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Sergio Scaglietti

25.11.2011, 13:23:23 cet

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Maranello, 20 November

Another of the “Old Guard” at Ferrari, Sergio Scaglietti, passed away at his home in Modena on the morning of 20 November at the age of 91 years, only a little over two months short of his 92nd birthday. A man from humble beginnings, he was born in the farming village of Tre Olmi, just to the north west of Modena, on 09 January 1920, the youngest of the family, with three brothers and a sister. It would be fair to describe his early years as ones of poverty, but he achieved greatness in his field as an artisan craftsman metalworker through hard work, allied to a natural flair for his chosen craft, which he had practiced from a very early age as a hobby. At the age of thirteen his father died, and he was obliged to seek work to supplement the family income, thus he started his apprenticeship in the coachbuilding business at Carrozeria Modenese in the centre of Modena. He stayed there for four and a half years, before joining his brother Gino, who had started his own business close to the Scuderia Ferrari headquarters in Modena, and they turned out to be good customers for the fledgling business, repairing accident damage sustained in racing.

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The war years intervened, but as soon as they were over, he was back to business as usual, working for his brother. At the time there was plenty of body repair work about, as in the years of post war austerity, even those who had cars couldn’t necessarily afford to buy new ones, so they maintained what they had. In 1951 at the age of 30, he decided to branch out on his own with a pair of partners, thus the Scaglietti carrozzeria came into being, in premises near the main railway station in Modena. The business prospered, and in1953 an event occurred which he says changed his whole working life. A new client, by the name of Alberico Cacciari, asked him to repair his Ferrari which had been badly damaged in an accident, which Sergio did, adding a few aerodynamic embellishments which he felt gave the lines greater fluidity. Cacciari was so pleased with the results that he took the car to show to Enzo Ferrari, who must have been impressed, as the next thing was that Sergio received a request to meet him at his office. He duly did, and Ferrari offered him an agreement to build the bodies for the 500 Mondial sports racing model. Ferrari was so sure that he would accept the offer, that he had already designed a stylised “S” badge to adorn the cars bodied by Scaglietti.

As they say, the rest was history, as this was the start of a long lasting business and personal relationship, that saw the likes of the legendary 250 GT California Spider, 250 “pontoon fender” Testa Rossa, and 250 GTO being designed and built by Scaglietti, together with the production of bodies for Pininfarina designed cars like the 275 GTB and 365 GTB/4 “Daytona” to name but a few. A man of great humility, he cited Enzo Ferrari as “the man who shaped my life, deciding how and where it would run its course”, belittling his own skills and ability, which had initially brought him to the attention of “il Commendatore”. Recognition of his role in the history of Ferrari came in 2004, when the latest 2+2 model had his name in the model designation, the 612 Scaglietti.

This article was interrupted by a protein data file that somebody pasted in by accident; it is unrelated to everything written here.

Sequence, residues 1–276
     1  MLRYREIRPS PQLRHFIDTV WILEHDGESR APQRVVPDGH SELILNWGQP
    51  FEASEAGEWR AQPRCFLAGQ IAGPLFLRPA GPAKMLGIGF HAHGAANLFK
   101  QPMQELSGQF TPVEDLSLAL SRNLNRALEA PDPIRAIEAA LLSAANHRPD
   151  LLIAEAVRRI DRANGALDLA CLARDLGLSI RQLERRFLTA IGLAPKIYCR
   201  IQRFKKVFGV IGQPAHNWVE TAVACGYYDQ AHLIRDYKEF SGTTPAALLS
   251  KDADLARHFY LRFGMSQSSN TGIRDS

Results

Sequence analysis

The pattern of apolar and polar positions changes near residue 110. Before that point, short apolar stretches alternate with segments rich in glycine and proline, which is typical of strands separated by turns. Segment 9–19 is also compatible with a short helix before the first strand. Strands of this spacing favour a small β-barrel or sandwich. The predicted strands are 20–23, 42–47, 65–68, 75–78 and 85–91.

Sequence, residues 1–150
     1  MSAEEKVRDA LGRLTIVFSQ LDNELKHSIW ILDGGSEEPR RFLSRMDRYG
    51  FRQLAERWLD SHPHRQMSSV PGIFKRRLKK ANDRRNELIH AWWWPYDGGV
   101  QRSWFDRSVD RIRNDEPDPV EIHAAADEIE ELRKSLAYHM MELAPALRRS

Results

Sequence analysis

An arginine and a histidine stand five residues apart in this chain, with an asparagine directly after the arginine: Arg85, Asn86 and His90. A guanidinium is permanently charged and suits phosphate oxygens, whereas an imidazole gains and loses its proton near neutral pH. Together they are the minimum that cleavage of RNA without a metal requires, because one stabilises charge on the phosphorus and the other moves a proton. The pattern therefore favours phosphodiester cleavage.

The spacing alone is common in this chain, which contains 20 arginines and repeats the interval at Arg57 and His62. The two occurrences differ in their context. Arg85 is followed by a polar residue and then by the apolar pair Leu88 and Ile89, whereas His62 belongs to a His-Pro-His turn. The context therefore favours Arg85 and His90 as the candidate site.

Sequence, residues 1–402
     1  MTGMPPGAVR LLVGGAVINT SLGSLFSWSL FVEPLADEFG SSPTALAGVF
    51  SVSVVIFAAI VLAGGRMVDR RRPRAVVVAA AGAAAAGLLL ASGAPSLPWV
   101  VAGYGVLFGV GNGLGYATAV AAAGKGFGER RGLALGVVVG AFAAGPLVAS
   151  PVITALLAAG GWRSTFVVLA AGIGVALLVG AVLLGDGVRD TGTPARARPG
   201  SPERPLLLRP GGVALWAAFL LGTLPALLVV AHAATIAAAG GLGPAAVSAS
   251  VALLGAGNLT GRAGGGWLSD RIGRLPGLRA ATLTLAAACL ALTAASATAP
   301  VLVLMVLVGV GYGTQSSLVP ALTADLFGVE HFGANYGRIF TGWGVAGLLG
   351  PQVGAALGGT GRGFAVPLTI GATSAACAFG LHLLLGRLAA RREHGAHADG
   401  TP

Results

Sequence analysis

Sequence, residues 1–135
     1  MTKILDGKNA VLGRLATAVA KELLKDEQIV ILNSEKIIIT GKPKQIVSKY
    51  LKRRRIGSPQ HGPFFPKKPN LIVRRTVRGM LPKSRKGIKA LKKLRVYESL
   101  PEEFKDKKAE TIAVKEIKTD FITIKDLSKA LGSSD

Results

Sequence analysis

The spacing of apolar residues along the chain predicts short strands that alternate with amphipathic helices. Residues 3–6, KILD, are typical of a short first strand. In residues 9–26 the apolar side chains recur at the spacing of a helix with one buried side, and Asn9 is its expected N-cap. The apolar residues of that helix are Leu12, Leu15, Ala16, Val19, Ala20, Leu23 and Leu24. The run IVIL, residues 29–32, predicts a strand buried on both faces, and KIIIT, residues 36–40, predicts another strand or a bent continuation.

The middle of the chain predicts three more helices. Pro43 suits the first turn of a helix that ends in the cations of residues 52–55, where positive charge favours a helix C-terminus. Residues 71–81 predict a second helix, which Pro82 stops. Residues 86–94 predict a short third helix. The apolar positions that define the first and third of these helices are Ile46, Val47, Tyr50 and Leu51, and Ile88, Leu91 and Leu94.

Unlike Enzo Ferrari, who rarely left the Modena region, particularly after the passing of his son Dino in 1956, Sergio Scaglietti enjoyed travelling, particularly in his retirement, although accepting invitations to events and attending functions became almost a full time job in itself! It was at one of these functions that I really met him for the first time, at the Ferrari Club of America Annual Meet in Dallas, Texas, in 2001, where he was the guest of honour. He attended in the company of one of his grandsons, and was totally accessible, conversing freely with everybody, his grandson acting as interpreter, thoroughly enjoying the “wild west”, wearing his cowboy hat with pride. The day after the event he visited Bob Smith Coachworks to see a 1964 250 GTO that was being restored, commenting that he preferred the original 1962 body style. We have crossed paths a number of times over the years at various events in Europe, and at meetings of the “Old Guard” with the late Jacques Swaters at Garage Francorchamps in Brussels, the last time being at the Villa d’Este Concorso d’Eleganza in 2007. He was always the same, invariably with a cigarette in hand, a sparkle in his eye, friendly and courteous, without pretention, unable to understand why he was held in such high esteem. A man, small in stature from humble origins, but blessed with an enormous talent, who kept his feet firmly on the ground - God Bless.

A full appreciation of the life and times of Sergio Scaglietti can be found in the excellent conversational biography, “L’E Andeda Acse, Sergio Scaglietti Una Leggenda Modenese”, published in 2008, and written by his close friend and long time personal assistant to Enzo Ferrari, Franco Gozzi.

Keith Bluemel

Sergio Scaglietti